Funny how we can be more worried about what other people think of us than what God thinks of us.

Pass it on if you think it has merit.

If not, then just discard it…. no one will know you did. But, if you discard this thought process, don’t sit back and complain about what a bad shape the world is in.

My Best Regards, Honestly and respectfully,

Ben Stein

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  • atlmom5  On December 28, 2015 at 2:06 pm

    Great piece!!! I would however, like to speak on the spanking issue. I’m a parent who doesn’t believe in spanking, but I will never force my opinion or views onto another parent on that issue…unless it is outright abuse. I have honestly witnessed a parent strike her newly walking child–this child had to be under 15 months of age and she struck this child several times on her bare legs with a switch because she wasn’t walking fast enough. Needless to say, the child slowed down even more because she was crying and in pain.Now that is an abusive situation to me, and sometimes as citizens we have to step in and then there are other times where we might have to step in and call Child Protective Services, but most of the time if we could just give a helping hand or a listening ear to a frustrated parent, it could do a world of good.

    As a mother of five and former childcare provider to several, I love kids and want the best for them. My philosophy has always been, children need structure and discipline and it doesn’t hurt for a parent or caregiver to exhibit certain types of behavior either. Children shouldn’t be handed everything either, they should learn at an early age that they can’t get everything they want. I’ve never had a problem out of my children throwing a temper tantrum in a public space because they couldn’t get a piece of candy or a new toy. I’ve always been honest with my kids about our finances and the difference between Needs and Wants, however, what I’ve noticed over the years working with many families–some were spankers and some were not, was their inconsistent parenting. When we set rules, you stick with those rules and then as they mature then you can change rules as you see fit, but changing rules every two weeks or every month isn’t helping their child and it definitely isn’t helping them as a parent.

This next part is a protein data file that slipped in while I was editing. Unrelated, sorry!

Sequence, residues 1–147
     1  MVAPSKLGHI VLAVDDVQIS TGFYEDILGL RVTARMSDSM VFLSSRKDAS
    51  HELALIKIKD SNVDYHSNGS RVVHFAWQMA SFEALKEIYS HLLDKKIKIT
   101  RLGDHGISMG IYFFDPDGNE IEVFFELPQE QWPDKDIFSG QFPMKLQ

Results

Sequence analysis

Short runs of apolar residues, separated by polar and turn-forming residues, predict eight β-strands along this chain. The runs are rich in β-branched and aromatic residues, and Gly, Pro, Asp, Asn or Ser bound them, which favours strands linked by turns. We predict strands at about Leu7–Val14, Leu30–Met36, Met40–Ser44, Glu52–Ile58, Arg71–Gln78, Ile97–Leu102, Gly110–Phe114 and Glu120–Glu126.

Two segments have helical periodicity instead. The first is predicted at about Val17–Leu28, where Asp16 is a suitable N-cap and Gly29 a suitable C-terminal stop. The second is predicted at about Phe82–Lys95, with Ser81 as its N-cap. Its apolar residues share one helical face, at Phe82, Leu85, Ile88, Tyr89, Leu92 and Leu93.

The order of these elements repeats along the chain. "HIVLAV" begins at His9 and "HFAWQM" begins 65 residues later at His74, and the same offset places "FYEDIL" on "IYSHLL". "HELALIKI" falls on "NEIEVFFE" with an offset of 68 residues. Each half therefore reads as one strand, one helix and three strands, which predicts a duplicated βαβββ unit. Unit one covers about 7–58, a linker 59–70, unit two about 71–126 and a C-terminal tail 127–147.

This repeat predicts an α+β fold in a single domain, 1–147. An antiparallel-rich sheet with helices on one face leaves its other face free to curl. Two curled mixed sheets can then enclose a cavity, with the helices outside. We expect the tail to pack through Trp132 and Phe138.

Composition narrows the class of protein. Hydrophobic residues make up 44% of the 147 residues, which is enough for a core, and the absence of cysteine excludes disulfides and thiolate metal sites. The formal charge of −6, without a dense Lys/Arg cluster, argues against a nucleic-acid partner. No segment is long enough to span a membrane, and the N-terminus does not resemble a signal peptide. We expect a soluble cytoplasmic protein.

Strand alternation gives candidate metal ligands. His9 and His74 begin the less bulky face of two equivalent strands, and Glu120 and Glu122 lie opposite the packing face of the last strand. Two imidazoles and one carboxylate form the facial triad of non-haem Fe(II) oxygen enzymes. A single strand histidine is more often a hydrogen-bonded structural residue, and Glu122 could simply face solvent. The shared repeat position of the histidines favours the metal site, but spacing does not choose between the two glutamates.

Well that was just my two cents on discipline. I just think if you’re a parent that believes in spanking your child then that’s okay. That’s your parenting style and philosophy, and same thing goes for the non spankers……no one is better than the other—the thing parents need to realize is: kids rather have your time and energy more than anything in the world.

    Hope you had a Merry Christmas and Wishing You a Wonderful New Year!!!

  • blogkommonsents  On December 28, 2015 at 4:28 pm

    Reblogged this on kommonsentsjane and commented:
    Amen to this truth in lending Christmas story. When Obama was elected as leader of this country, we let the DEVIL in our country and now that we have found him out – our representatives have joined him in the evil and let the people down. So what do the people now do – fight fire with fire – clean out the government in the next election.


    • Bill  On December 31, 2015 at 3:35 am

      Until the hoi polloi come to the realization that “our representatives” and the president answer to the same masters. The ruse of the two party system is to dupe the masses into believing that we are being offered a choice of political ideologies and to keep us distracted arguing over which party offer the best solutions. The problem is that they all take money from the same masters to advance the agenda of the masters. At the end of the day the result is always expanded government, bigger deficits and more government regulations. Donald Trump is so despised by all sides of the political spectrum because his refusal to accept money from the money masters allow him freedom from being beholden to them, hence he owes no one. This represents the greatest threat to this deeply entrenched system that they have ever confronted.